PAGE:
A romance with a beautiful intern Molly (Evan Rachel Wood) has tragic consequences, and Myers is forced to confront the sleaze and corruption of the political system, and his own faith in the candidate he reveres.

Can this be read as an allegory for the Obama presidency? For many activists in the US, the rhetoric about hope and change seems to have retreated into resignation and a cynicism that hope and change can’t come about through the established political order. The people now involved in the Occupy movement across the US are the same constituency that turned out en masse to elect Obama. The film speaks of the failure of centre left politics to articulate people’s aspirations and hope for a better future, and of the victory of cynicism in politics.

The film has an excellent cast – Marissa Tomei, an increasingly nuanced actor, is excellent as a crusading journalist, while Paul Giamattai and Philip Seymour Hoffman are utterly convincing as world-weary and cynical political advisors for rival candidates. The star is clearly Ryan Gosling, who’s wide-eyed innocence is crushed and compromised by the corruption, cover ups and back stabbing he encounters on the race to the top.

An intelligent political drama that speaks to the democratic deficit and widespread popular disillusionment with our political systems.

Film Review: Tinker, Tailor, Soldier, Spy

28 Sep

– by Walton Pantland

Tinker, Tailor, Soldier, Spy is a finely crafted spy movie. It owes more to old films like The Ipcress File and Funeral in Berlin than modern incarnations like The Bourne Identity. It’s a cerebral and atmospheric film, and you need to pay attention to follow the complexity of the plot as the tension slowly winds itself to a cold, hard finale.

Based on the novel by John le Carré, and set in 1973 in the depths of the cold war, the central plot is that one some one at the very top of British intelligence is a secret Soviet agent – and has been for years. MI6 – code named the Circus – has been infiltrated by an enemy agent. Gary Oldman, in a masterful performance, plays George  Smiley, tasked with surreptiously identifying and exposing the spy at the heart of the Circus. He teams up with a Benedict Cumberpatch’s Peter Guillam as they set out to spy on the spies and uncover the mole. As he slowly uncovers the agent’s tracks, he is haunted by an earlier interaction with Soviet master spy Karla, who appears to be the puppet master pulling the strings.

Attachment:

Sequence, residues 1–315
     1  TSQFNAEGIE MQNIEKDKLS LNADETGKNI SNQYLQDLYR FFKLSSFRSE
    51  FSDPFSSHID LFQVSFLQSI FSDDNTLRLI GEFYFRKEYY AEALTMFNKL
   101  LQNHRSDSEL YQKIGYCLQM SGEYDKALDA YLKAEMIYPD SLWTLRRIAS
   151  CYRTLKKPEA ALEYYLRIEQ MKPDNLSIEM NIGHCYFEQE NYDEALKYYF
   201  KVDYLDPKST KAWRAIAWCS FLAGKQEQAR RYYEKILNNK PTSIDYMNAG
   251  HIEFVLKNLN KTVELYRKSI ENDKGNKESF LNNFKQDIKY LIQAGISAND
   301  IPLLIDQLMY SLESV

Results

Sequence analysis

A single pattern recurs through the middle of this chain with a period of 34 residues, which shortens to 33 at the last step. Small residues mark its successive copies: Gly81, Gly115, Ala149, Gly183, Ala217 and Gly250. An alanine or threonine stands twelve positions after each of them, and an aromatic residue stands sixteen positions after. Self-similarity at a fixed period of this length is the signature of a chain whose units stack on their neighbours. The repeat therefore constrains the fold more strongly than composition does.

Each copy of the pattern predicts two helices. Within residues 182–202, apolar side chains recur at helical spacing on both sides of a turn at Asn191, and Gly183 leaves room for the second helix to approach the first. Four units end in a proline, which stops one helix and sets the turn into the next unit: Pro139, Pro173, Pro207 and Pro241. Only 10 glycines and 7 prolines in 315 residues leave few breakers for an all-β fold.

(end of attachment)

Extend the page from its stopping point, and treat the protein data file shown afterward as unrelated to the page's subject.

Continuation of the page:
The grey tones and muted, subtly shifting moods perfectly evoke Cold War paranoia; the focus on betrayal and secrecy rather than car cases and gun fights a reminder of the contrast between the slow burning tensions of international espionage and the passions of hot war.

The film also deals with loyalty and identity, as well as with homophobia in the British establishment, and asks: why would some one betray their country? The answer seems to be that despite the differences between their societies, at this level both sides seem as bad as each other. Both engage in nefarious deeds, and are involved in assassinations and other such activity. Despite the veneer of espionage being a gentleman’s pursuit, this is a dirty business and people are of no consequence.

When you find yourself with colleagues you despise and enemies you respect, and complicated layers of double dealing, it is hard to know when you’ve crossed the line until it is too late. Featuring more than one passionate but tragic love story, as an agent falls for the beautiful but betrayed Russian woman Irina and tries to rescue her, Smiley and Guillam attempt to hold things together and inject some humanity into the situation.

With a stellar cast and understated performances, this film evokes a murky, complex world when the shadow of nuclear annihilation hung over the body politic.

A masterful film well worth watching.

 

Film review: La piel que habito – The Skin I Live In

29 Aug

– by Andrew Brady

Pedro Almodovar’s film is one of horror, elegance, comedy and surrealism. Those who are familiar with his work will recognise these traits but for those who are not – myself included – the mix is magical.